New Talent 2017: Orkidstudio’s Dedication to Social Impact and Architecture
Orkidstudio's small Nairobi-based team is equal parts contractor, designer, and educator, and treats each project as an opportunity to innovate and empower.
Even though they work at diverse scales, the five emerging practices that we have selected this year as Metropolis’s New Talent 2017 share some fundamental characteristics. They are all open to influences from other places and professions, engage with new technologies and materials, and collaborate with others at the cutting edge of their field. Whether they’re creating architectural installations in London, lighting designs in Vancouver, start-up offices in New York, a hospital in Zambia, or Shaker-inspired objects in Oregon, these practitioners have what it takes to move architecture and design forward.
Orkidstudio is much more than an architecture practice. The small Nairobi-based team is equal parts contractor, designer, and educator, and treats each project as an opportunity to innovate and empower. In this way, it goes to great lengths to procure the right materials, develop new construction methods, and train and equip local laborers with valuable skills, all while securing financing itself.
Founded in 2008, Orkidstudio was the brainchild of three students at the Welsh School of Architecture: James Mitchell, Julissa Kiyenje, and Su Mei Tan. Just out of their freshman year, they had already been looking for an alternative model for practice and found it after traveling to Uganda to help build a community kitchen. Upon graduating, Mitchell began lecturing at the Mackintosh School of Architecture and relocated the studio from Cardiff, Wales, to Glasgow, where I first encountered their work. Mostly I was skeptical of an altruistic approach that appeared to mirror the dramatic surge in poverty tourism, in which Western architecture students got their hands dirty in impoverished communities in African nations such as Kenya and Rwanda. But I also had complete respect for the quality of their designs for small schools, healthcare facilities, and community centers, not to mention the quantity of output and the level of dedication coming from what were incredibly young people.
Orkidstudio is also a far better and more nuanced critic of its own work than any third party could ever be. As Mitchell explains, the group quickly grew aware of the pitfalls of social design, namely the disconnect between realization and actual use. “Projects we revisited were often found poorly maintained; workers we’d engaged on-site were still living in terrible conditions and hadn’t been boosted in any lasting way by their engagement with us. We became increasingly frustrated and skeptical about our impact socially and with the volunteers joining us as well.”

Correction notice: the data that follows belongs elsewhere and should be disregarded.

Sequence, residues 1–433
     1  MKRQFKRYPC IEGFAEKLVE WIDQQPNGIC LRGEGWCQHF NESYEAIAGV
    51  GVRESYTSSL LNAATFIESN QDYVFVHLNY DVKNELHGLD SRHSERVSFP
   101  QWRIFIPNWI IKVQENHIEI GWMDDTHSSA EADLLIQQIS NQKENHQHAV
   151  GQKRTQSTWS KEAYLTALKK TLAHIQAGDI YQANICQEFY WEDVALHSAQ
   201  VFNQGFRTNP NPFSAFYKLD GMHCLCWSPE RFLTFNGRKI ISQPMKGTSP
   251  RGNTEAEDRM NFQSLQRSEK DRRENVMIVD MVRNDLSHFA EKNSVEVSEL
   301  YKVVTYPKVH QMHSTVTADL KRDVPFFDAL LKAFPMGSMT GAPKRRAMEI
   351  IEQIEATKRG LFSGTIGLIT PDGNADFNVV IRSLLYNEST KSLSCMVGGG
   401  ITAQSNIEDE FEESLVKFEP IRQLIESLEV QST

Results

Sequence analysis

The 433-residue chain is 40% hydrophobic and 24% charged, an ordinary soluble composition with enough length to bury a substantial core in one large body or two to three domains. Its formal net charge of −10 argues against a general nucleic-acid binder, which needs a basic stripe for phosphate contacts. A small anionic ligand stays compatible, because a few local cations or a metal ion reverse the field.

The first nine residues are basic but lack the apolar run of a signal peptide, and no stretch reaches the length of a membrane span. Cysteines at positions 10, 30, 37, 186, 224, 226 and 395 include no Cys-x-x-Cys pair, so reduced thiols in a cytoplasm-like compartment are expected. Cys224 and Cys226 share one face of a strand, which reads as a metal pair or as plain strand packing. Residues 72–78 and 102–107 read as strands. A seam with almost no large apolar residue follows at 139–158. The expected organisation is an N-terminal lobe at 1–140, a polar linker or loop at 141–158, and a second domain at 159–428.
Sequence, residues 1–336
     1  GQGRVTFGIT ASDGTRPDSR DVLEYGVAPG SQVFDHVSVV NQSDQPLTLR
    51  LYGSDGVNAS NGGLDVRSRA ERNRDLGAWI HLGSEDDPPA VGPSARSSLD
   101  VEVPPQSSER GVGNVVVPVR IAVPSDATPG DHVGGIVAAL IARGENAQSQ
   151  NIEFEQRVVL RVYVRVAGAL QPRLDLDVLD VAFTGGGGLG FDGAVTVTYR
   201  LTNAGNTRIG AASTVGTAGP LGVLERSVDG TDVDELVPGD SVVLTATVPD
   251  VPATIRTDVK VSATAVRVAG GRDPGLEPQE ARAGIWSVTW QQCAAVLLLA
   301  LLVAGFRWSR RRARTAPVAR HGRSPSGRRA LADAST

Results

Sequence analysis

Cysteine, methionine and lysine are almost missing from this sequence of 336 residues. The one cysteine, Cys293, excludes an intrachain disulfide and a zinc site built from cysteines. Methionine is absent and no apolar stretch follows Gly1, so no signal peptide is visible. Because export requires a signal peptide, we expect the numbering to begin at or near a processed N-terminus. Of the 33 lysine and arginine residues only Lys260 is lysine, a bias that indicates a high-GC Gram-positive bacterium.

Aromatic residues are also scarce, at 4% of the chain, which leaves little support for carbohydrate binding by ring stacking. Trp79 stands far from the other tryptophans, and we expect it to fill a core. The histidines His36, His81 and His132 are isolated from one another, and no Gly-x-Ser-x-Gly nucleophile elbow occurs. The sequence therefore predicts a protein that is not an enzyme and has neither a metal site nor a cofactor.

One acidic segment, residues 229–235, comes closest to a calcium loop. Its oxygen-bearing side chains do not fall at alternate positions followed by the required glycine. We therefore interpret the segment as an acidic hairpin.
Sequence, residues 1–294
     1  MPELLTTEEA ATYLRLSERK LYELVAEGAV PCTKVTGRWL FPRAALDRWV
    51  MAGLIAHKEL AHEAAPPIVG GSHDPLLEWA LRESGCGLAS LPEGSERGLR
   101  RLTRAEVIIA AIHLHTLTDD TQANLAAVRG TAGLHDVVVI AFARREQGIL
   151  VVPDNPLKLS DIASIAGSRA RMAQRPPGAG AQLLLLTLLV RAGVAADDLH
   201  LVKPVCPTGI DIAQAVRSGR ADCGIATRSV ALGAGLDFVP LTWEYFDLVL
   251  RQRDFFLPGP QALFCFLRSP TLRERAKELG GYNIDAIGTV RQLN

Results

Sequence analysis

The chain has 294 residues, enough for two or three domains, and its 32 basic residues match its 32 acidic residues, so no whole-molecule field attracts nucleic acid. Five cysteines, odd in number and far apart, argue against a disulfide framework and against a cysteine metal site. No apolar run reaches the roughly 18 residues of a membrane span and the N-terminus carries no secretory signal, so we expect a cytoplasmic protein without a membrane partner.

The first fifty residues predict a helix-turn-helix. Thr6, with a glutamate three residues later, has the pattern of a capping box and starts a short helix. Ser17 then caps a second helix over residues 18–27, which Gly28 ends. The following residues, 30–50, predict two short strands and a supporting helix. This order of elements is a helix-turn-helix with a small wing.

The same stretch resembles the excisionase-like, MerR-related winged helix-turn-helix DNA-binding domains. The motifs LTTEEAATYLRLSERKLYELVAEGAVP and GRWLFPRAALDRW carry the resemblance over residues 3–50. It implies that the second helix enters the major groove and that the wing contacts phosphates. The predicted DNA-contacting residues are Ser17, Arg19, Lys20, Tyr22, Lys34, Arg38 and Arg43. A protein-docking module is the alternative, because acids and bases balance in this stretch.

This critical self-awareness prompted a second relocation in 2016 to Nairobi, where the studio is now led by Mitchell, design director Carolina Larrazábal, project director Andrew Perkins, and program director Nick Moon. The move reflected a meaningful commitment to the ethos at the heart of Orkidstudio and one that sets the studio apart from the type of practice it had begun to distance itself from. “Working from Glasgow, or anywhere other than close to the communities we’re trying to serve, was never going to work,” Mitchell says. “We needed to be immersed.”
Moreover, the move has transformed the practice. Even though it has so far worked within a limited number of typologies, the studio has found that being on the ground in Nairobi pushed it to develop a highly varied, site-specific, and extendable design method. Any project type, Mitchell explains, can become the catalyst for social impact, rather than the other way around, where an overarching altruistic impulse prefigures the architecture. “If our exclusive focus was on social impact at the cost of all else, we would probably develop a single construction method which was fast, efficient, and cheap to build.”
Each project is uniquely rooted to its place, employing vernacular methods of construction and local material to produce very contemporary buildings. At the Sachibondu Hospital in Zambia, 82 percent of the material was sourced from within a 10-kilometer radius, engendering a resourcefulness unheard of in most architecture offices. The vaulted roofs are made from compressed stabilized earth blocks, and the doors and windows incorporate reclaimed hardwoods. The Nakuru Children’s Home in Kenya (2014) uses local soil packed into everyday grain bags and laid like oversize bricks to create deep, durable walls that absorb heat during the day and release it back into the building during the cooler nights. The project also features timber cladding made from a by-product of veneer processing that is often discarded as waste.
But just as important to the studio is altering the composition of its own office. The staff has grown from three to 14 in less than 12 months, with slightly more than half being Kenyan or East African, a point the team takes pride in. It is also on track to achieving gender parity by 2020, and already the studio employs many women in construction positions, mostly from low-income backgrounds, with limited education and no previous experience. Hiring women laborers increases the prospects of the entire community, says Larrazábal. “This is a global issue, with women making up less than 10 percent of the sector’s workforce, far less than any other industry. Yet we have seen what can happen if a woman is given the chance.”
After nearly a decade honing its practice, Orkidstudio is now proudly and resolutely a Kenyan company. Through this total commitment to a place and its people, the group is redefining the role and agency of the architect within the context of humanitarian architecture and setting a standard for others to follow.
You can find all our New Talent 2017 profiles here!